16. his stated belief “you [can] make a difference in people’s lives through politics.”

    That’s not a belief, it’s a fact.
    Too bad the difference is as often a negative as a positive one, and that even in the best case it’s unlikely for a government action to please more than 60% of the population.

    1. Judging by percentage of affirmative votes generally tallied, try reducing your 60% by something on the order of two-thirds.

      If I remember correctly, the numbers show that this president, for instance, was elected by about 22% of the population. Funny thing is, if there were only 5% turnout, they’d still consider the system to be a manifestation of majority rule.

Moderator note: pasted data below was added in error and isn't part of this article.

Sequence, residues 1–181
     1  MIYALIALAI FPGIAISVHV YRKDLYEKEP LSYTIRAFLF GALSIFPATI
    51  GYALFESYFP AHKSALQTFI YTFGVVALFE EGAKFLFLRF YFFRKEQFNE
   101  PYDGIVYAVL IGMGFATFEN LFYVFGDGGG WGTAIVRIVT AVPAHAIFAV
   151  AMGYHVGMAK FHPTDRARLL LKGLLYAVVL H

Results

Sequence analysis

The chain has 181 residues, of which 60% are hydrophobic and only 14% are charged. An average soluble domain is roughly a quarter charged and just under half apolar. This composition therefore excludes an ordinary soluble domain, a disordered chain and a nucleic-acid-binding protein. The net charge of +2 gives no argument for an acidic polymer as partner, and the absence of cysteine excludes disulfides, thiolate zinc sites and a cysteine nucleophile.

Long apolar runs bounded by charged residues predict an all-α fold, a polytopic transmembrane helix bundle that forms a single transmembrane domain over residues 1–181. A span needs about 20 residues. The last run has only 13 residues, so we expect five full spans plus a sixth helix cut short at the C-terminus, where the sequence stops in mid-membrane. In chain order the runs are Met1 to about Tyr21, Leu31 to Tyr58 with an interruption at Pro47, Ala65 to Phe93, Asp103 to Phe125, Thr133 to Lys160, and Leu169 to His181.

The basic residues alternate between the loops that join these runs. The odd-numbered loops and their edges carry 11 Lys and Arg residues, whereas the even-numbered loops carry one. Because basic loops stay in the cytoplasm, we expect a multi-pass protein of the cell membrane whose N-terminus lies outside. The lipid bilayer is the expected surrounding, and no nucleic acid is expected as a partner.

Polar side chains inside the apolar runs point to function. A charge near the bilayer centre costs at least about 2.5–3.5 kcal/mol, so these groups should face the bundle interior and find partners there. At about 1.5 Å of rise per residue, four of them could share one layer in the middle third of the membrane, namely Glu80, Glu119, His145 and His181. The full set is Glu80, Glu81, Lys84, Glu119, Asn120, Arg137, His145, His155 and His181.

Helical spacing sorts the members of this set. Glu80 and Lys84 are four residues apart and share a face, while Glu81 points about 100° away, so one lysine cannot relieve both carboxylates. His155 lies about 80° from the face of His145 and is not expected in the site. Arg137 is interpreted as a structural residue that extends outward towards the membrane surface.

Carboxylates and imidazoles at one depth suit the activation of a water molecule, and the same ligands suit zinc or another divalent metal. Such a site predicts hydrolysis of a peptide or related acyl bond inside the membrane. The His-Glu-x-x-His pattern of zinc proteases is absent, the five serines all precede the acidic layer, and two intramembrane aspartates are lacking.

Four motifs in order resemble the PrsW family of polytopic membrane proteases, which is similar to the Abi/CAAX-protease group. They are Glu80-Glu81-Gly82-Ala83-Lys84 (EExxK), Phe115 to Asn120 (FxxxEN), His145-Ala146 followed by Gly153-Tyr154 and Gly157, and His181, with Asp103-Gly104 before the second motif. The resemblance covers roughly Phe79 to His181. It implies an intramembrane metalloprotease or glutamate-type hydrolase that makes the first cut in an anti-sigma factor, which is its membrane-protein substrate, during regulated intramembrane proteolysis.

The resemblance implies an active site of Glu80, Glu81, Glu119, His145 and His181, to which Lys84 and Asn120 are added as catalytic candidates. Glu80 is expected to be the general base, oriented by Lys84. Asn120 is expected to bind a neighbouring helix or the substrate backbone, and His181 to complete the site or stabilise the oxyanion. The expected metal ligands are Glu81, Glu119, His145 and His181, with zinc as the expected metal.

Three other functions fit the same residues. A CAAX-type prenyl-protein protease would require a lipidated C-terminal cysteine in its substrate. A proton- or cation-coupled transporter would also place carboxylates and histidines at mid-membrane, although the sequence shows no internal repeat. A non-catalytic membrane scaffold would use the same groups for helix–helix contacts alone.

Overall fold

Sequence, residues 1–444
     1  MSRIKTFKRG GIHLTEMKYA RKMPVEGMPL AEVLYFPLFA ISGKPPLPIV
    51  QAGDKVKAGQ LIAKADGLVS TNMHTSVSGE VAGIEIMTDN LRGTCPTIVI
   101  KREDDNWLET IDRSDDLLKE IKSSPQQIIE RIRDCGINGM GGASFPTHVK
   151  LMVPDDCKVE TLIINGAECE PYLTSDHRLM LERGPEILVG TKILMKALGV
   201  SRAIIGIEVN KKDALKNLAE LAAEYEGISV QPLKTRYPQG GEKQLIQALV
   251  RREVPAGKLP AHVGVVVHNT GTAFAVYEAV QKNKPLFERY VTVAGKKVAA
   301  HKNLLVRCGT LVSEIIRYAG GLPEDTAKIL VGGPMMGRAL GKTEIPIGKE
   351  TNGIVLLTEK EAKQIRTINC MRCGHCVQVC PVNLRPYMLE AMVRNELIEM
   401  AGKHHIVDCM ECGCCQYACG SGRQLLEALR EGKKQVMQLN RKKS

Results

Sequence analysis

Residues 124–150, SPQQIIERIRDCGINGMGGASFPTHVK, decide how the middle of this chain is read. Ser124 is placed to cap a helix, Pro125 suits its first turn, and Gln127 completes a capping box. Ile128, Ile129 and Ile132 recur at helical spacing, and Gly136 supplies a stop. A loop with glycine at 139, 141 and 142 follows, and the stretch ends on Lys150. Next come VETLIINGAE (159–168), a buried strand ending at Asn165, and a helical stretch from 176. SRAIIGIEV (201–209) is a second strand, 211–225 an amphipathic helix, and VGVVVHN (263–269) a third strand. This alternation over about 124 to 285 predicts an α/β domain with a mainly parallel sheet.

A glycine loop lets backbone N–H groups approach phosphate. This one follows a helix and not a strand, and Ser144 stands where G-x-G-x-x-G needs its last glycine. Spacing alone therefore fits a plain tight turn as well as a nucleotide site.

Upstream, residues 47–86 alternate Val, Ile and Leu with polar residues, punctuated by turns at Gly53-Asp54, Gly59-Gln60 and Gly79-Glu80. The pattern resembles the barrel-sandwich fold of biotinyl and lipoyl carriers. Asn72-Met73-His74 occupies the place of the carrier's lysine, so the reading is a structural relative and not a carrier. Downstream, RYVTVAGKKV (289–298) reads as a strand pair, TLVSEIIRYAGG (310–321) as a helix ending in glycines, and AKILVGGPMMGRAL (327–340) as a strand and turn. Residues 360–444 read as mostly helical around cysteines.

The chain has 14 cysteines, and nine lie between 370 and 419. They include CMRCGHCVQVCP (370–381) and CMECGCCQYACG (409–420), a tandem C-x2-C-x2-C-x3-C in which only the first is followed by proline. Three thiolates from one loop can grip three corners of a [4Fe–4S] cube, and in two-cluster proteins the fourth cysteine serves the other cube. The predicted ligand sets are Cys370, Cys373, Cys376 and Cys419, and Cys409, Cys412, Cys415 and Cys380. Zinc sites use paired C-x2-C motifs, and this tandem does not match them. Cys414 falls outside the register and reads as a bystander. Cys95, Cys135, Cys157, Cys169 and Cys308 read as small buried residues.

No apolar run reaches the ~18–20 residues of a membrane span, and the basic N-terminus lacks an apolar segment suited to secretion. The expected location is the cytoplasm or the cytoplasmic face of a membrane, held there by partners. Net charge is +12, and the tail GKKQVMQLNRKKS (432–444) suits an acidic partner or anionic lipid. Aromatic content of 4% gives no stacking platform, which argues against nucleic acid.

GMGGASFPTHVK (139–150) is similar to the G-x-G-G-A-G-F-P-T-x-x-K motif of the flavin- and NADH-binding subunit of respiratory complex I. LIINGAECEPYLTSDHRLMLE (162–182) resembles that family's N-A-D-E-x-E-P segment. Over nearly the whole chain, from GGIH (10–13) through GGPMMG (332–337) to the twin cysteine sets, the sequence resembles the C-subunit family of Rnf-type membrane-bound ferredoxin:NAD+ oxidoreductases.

And in any case, they would never entertain debate regarding what is supposed to be so righteous about majority rule. I suppose slavery would’ve been just fine, so long as there were more owners than there were slaves, and everyone were given a vote? That would still represent the so-called will of the people, would it not?

  17. Reason, always worried about the unfunded pension liabilities attacks someone for, wait for it, worrying about unfunded pension liabilities: “The fact that we are running a surplus does not mean, however, that fiscal discipline is no longer needed. To the contrary, fiscal discipline is essential to protect Social Security and strengthen Medicare,”